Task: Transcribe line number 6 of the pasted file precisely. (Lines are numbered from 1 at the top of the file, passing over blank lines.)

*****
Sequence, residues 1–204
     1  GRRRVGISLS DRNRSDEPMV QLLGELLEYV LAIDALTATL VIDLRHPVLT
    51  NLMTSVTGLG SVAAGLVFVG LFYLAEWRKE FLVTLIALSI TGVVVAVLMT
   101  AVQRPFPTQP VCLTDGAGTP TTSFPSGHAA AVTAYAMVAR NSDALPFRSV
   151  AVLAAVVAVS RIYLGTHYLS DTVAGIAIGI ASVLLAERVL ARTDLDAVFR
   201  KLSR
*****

   201  KLSR